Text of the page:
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Responding to a Bullying & Harassment Complaint

June 8, 2021

As an employer, you have a legal obligation to provide a safe and healthy place to work.

This obligation extends to ensuring that the mental health of your employees is protected, which means that you must take all reasonable steps to prevent bullying & harassment from occurring in your workplace.

Topics that will be explored in this refresher series include:

·         Part I: What is Bullying and Harassment?

·         Part II: Developing a Bullying & Harassment Policy

·         Part III: Responding to a Bullying & Harassment Complaint

·         Part IV: Employer Best Practices to Prevent Bullying & Harassment

Part III: Responding to a Bullying & Harassment Complaint

At some point, most employers receive a bullying and harassment complaint from an employee. It is important to respond promptly, fairly, and transparently to that complaint.  

Immediate Next Steps: Safety First

When you receive a complaint, ask this question first: is there an immediate safety concern?

This question should be answered on the assumption (not conclusion) that the complaint is legitimate, and the behaviour complained of has occurred. Generally, immediate safety concerns will exist in complaints relating to serious or repeat sexual harassment, violence or the threat of violence, and situations where serious mental health concerns are being reported.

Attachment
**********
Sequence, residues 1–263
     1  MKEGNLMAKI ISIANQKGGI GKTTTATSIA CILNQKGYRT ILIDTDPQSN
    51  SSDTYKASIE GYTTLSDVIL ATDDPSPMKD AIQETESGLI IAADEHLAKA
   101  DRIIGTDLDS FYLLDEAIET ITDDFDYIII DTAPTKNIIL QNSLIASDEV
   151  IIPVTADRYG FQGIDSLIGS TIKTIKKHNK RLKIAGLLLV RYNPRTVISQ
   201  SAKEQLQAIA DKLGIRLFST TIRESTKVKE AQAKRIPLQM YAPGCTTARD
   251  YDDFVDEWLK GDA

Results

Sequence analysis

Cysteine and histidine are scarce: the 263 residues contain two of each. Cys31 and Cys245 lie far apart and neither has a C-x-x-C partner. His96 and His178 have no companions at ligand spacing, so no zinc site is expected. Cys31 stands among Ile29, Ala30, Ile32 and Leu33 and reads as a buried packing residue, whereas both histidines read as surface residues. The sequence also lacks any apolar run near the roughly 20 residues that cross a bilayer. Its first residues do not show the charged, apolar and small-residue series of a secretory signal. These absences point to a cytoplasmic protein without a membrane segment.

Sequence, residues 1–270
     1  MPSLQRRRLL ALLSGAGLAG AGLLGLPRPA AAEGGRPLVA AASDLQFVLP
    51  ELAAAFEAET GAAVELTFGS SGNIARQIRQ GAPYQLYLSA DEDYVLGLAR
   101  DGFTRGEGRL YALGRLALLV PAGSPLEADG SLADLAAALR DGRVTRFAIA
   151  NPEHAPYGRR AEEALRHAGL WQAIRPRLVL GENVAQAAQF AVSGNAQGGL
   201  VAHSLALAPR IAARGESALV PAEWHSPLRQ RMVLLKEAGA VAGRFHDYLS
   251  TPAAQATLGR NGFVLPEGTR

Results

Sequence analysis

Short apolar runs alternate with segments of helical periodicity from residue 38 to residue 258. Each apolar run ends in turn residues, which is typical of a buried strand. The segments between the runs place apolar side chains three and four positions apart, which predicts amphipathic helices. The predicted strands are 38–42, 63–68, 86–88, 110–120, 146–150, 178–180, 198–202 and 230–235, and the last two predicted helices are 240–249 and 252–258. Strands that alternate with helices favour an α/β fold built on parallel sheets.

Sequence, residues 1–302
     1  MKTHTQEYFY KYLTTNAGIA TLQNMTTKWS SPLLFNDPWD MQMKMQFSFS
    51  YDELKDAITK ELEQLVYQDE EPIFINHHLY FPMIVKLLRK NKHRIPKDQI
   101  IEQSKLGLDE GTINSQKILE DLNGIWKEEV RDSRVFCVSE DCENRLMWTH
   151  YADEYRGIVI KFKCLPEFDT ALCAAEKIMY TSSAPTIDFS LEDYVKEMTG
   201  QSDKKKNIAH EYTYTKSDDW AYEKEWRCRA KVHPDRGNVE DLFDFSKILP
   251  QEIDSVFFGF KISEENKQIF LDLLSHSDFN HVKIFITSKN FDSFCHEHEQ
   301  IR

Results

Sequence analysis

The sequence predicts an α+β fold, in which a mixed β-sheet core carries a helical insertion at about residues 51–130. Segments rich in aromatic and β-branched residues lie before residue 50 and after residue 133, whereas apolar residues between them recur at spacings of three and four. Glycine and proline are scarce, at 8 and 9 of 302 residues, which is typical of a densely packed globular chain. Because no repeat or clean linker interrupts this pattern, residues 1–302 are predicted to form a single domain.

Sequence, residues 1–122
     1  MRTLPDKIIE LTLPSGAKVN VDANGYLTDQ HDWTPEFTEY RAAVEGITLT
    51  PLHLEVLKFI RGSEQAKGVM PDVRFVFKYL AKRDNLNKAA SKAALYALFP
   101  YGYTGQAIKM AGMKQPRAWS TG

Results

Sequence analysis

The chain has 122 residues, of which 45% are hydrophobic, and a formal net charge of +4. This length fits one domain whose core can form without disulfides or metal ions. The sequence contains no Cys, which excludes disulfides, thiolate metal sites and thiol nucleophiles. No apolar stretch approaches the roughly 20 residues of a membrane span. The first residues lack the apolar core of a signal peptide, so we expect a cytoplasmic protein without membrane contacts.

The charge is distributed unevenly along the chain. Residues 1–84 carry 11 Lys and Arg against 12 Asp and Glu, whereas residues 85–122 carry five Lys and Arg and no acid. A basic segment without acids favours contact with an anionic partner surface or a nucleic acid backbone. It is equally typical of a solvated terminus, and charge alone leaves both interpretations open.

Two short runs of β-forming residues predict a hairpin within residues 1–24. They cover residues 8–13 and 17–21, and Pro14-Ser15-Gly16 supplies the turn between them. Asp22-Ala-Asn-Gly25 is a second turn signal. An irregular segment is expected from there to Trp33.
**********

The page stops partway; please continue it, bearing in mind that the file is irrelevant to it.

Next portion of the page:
If there is a safety concern, the alleged harasser should be immediately notified, and put on leave with pay. The communication should be made in writing, should confirm that the action is not disciplinary, that the leave is pending the results of an investigation, and that further information will be provided as soon as possible to the employee.

You should also consider whether the behaviour needs to be reported to the police, and if there are any other statutory or internal reporting obligations that apply (including in relation to insurance). A serious complaint will also generally warrant a call to your lawyer, and any other relevant advisors or stakeholders, as early as practicable in the process.

Finally, while every complaint must be investigated, serious complaints will require both a faster and more thorough response than less immediate or severe allegations.  

Your Policy is Your Roadmap

As set out in Part II, employers are required to have a detailed written procedure for responding to harassment and bullying complaints.

Your procedure should have enough flexibility to account for the wide variety of complaints you may receive, while still providing  guidance as to how complaints will be investigated and addressed.

It is important to follow the procedures you have developed. In addition to being more efficient, this is important because the policy not only serves as your roadmap, it also sets your employees expectations on how issues will be addressed.

Deviating from your policy without good reason can result in unfairness and inconsistent treatment, and both taint investigation results and result in an employee who is unsatisfied with the process.